process-focused layouta FACTORY LAYOUT in which all PRODUCTION operations of a similar nature are grouped together in the same department or part of the factory. For example, separate areas may exist for drilling operations, milling, grinding, assembly and so on (see Fig. 64). Process layout is appropriate where small quantities of a large range of products are to be manufactured, as for example in BATCH PRODUCTION or jobbing production. The nature of the layout permits flexibility in production, i.e. complex products, requiring processing in most of the functional departments, may be made alongside simple products requiring processing in only a few departments. This same flexibility, however, brings disadvantages, since batch production in process layouts necessitates frequent machine resetting; it normally operates with a comparatively high level of work in progress; and through-put time is high. Specialist supervision is possible, and the grouping of operatives of a similar type and skill within the same department promotes cohesiveness and enables individual incentive payment schemes to be used. The provision of services (for example water, power, removal of scrap) is simpler than in other forms of layout, but the cost of materials handling is high. See PRODUCT-FOCUSED LAYOUT, SETUP COST, SETUP TIME. See also CELLULAR MANUFACTURING.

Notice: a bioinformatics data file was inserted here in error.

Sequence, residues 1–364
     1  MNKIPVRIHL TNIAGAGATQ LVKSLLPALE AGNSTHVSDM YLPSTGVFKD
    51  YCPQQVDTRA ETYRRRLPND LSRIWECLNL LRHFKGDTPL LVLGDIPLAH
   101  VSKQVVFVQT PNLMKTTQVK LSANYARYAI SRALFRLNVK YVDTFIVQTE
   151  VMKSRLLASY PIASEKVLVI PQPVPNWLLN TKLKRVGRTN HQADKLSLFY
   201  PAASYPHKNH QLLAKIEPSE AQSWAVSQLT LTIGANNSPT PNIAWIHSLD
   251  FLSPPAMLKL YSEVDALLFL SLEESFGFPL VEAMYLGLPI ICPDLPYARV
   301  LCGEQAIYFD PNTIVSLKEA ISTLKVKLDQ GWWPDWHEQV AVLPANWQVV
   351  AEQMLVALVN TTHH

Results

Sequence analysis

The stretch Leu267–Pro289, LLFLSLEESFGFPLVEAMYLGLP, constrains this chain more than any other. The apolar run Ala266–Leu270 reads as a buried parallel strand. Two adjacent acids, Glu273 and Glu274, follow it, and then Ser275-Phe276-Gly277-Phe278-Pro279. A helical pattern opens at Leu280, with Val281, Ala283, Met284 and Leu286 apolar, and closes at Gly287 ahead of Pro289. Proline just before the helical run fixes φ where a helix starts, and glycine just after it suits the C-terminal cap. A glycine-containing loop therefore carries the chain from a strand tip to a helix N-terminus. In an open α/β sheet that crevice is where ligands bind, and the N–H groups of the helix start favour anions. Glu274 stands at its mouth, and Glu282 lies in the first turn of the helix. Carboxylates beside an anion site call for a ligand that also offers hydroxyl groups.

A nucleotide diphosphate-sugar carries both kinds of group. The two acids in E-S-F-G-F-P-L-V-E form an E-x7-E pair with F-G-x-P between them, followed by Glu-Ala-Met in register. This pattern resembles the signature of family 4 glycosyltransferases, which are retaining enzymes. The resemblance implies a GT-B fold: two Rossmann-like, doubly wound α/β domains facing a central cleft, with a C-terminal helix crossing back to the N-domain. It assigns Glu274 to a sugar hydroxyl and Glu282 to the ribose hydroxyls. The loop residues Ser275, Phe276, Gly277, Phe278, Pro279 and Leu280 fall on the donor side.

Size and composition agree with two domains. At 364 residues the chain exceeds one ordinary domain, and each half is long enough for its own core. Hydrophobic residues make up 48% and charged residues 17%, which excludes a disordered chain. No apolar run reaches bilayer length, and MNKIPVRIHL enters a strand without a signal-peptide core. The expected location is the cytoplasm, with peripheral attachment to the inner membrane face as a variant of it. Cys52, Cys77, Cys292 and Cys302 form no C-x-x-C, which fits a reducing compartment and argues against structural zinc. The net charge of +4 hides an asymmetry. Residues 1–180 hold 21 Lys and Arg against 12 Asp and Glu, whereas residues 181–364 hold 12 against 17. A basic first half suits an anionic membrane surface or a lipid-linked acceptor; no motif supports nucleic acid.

Collins Dictionary of Business, 3rd ed. © 2002, 2005 C Pass, B Lowes, A Pendleton, L Chadwick, D O’Reilly and M Afferson